Rosie Fortescue: “some people think that I have been hand fed”

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7 min read

Rosie Fortescue, 26, was born into a wealthy British family with a silver spoon firmly in her gob. She went to a prestigious school (the same as Kate Middleton) and obtained a degree in the History of Art from Goldsmiths University of London. Five years ago she joined the cast of the hit reality TV show, Made In Chelsea, and became a household name. She now writes a column for the Evening Standard, runs a fashion blog and is the CEO of her own jewellery company.

This is what I want to do. I’m doing it, doing it all myself. 

When I mentioned to friends that I was interviewing Rosie, the retort was usually along the lines “…does she know anything about working for a living?” And, I must admit, this wasn’t too far removed from a few of my own pre-conceptions. But, when I met Rosie at her London flat she was abuzz with domesticity: attending to the washing, cooking soup, opening mail, sending emails, doing very normal everyday stuff. And, as we chatted about her business, it became clear that she’s not just a pretty face with a trust fund. Granted, she has had a leg up in life and fame from the TV show helps, but it takes more than this to launch and grow a successful business. My take-away: Rosie’s “got balls” and her competitors should take note.

I’m at the stage that I legitimately don’t care what people think.

Here, Rosie shares with us her views on Made in Chelsea, the challenges she has faced setting up her jewellery line and how she manages to wear all the different “hats” necessary to run a company, including IT, sales, logistics, design, finance, social media, copywriting and marketing.

Interview with Rosie Fortescue of Made in Chelsea - I think some people think that I have been hand fed irislillian.com
Rosie wears Three Floor trousers and top. Black rhodium heartbeat hand-cuff. Black rhodium triple band ring. Black rhodium heartbeat ring. Silver deep-v necklace & silver tight chain necklace.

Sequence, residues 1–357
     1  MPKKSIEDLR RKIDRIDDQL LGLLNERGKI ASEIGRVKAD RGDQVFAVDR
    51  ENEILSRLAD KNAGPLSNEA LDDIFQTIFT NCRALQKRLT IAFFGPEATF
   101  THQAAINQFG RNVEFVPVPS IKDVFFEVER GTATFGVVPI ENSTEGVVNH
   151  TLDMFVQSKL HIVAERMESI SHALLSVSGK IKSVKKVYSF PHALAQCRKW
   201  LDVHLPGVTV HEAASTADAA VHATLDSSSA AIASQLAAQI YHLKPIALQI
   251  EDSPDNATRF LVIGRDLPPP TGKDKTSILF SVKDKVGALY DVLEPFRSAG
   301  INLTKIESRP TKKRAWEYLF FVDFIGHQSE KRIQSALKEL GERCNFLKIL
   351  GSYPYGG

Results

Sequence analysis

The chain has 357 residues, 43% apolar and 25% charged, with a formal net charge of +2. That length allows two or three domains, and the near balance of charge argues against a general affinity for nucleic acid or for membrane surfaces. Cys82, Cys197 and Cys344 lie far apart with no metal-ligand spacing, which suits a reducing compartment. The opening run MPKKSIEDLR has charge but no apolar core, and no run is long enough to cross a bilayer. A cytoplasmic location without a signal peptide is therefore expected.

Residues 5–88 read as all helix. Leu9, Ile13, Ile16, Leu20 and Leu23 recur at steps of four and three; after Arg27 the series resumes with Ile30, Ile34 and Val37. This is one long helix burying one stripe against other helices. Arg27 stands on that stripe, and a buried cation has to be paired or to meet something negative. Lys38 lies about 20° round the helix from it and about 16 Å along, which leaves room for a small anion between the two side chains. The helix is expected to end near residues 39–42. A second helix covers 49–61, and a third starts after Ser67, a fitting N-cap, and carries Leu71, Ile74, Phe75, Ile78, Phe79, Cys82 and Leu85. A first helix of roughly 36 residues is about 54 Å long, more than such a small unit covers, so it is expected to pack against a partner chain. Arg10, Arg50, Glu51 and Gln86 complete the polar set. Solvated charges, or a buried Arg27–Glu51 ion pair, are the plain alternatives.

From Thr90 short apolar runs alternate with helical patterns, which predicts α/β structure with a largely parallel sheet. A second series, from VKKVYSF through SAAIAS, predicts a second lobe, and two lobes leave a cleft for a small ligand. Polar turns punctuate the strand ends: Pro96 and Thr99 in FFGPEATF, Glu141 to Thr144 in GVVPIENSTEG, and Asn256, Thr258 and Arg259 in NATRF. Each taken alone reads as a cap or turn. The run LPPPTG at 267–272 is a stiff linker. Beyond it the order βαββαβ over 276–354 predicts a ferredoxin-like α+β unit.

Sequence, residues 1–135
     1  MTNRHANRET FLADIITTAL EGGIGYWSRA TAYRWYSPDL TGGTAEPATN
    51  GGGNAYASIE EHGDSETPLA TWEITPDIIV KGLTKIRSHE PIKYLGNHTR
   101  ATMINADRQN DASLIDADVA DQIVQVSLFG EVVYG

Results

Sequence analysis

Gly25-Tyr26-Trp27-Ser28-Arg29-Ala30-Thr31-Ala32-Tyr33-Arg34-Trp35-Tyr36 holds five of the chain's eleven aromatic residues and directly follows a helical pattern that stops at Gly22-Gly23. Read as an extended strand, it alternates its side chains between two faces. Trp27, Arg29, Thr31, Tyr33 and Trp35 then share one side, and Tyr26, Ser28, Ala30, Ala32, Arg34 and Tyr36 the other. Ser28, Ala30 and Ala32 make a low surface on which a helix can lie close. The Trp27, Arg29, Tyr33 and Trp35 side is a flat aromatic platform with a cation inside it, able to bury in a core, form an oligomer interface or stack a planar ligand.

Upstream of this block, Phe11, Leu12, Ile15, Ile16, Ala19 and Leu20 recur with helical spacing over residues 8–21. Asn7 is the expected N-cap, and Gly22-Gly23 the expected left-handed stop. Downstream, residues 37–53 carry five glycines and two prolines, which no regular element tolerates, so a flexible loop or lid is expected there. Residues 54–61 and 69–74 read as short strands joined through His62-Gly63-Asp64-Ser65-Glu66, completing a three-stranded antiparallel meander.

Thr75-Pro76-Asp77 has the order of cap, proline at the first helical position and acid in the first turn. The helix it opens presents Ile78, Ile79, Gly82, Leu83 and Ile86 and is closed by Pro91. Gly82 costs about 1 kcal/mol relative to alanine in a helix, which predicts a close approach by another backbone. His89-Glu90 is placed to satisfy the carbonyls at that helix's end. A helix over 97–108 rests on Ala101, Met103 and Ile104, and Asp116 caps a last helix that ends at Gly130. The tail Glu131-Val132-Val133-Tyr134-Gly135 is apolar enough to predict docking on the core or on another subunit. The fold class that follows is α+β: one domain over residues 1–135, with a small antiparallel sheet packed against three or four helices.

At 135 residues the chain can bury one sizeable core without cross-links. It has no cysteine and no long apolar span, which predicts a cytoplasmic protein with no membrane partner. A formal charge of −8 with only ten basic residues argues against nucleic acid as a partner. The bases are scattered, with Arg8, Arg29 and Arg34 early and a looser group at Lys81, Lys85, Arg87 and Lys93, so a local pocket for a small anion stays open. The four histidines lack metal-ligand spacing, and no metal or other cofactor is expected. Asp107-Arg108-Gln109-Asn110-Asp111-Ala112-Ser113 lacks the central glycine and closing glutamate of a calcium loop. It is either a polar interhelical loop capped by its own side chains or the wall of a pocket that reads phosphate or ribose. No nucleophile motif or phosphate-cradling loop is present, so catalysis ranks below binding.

How did Made in Chelsea come about?

I was asked with my friend Amber, and we did the pilot for the show. And then it just went from there. I had been asked to do a show two years before and had said ‘no’. Then we got our friends involved and it went from there. We filmed the studio show two days ago.  So, that’s it for this series. There have been 11 series over five and a half years. At this stage I don’t know how many I will do but I need a little time off.

It’s not about making money, it’s about doing what you love.

What is the best & worse thing about being on Made in Chelsea?

The best thing is being able to film with some of my best friends. The worst thing is the fact that I’m so busy. My first question when I get to filming is ‘who’s got the wifi password?’, because I’m literally there with my laptop and diary open and I’m like ‘let’s do this’.

Do you have favourite cast members on Made in Chelsea?

Louise was at school with me from when I was 11; I love her and I love Binky.

Do you think you’re portrayed accurately on Made in Chelsea?

At the end of the day, people take it so literally and they tweet you etc, but it’s a reality show. If it wasn’t dramatic you would be bored and you wouldn’t watch it.

What inspired you to launch a jewellery line?

I have just always been obsessed with jewellery. Always, Always. And, I really wanted to do my own thing.

Do what you love and you’ll love what you do.

Given your privileged background, do you find that people are dismissive of your jewellery brand?

Yes, I think some people think that I have been hand fed but I’ve worked hard and [the jewellery business] is my money. I’ve taken criticism since I started the show and I’m at the stage that I legitimately don’t care what people think. This is what I want to do. I’m doing it, doing it all myself. I’m working hard, I’m up until 2am basically every night. I’m busy, I’m tired, I’m trying to have a social life.

What is your creative process?

I have in my head pretty much everything that I want, I get it down on paper, send it to the factory. I draw like a baby so I draw and the factory sends me the cad drawings, then I change them slightly and we finalise them. Then I tell them what metals and stones I’d like to use, and go from there.

Interview with Rosie Fortescue of Made in Chelsea - I think some people think that I have been hand fed irislillian.com
Interview with Rosie Fortescue of Made in Chelsea - I think some people think that I have been hand fed irislillian.com
What does a typical day look like for you?

My typical day completely varies. Yesterday I woke up at 8am tired and hungover, and started working. My new intern came from 9am – 12 noon. Then I went to the Post Office to send all my orders, came back home and worked constantly until 9:30pm on my laptop: I have never fallen asleep so fast in my life!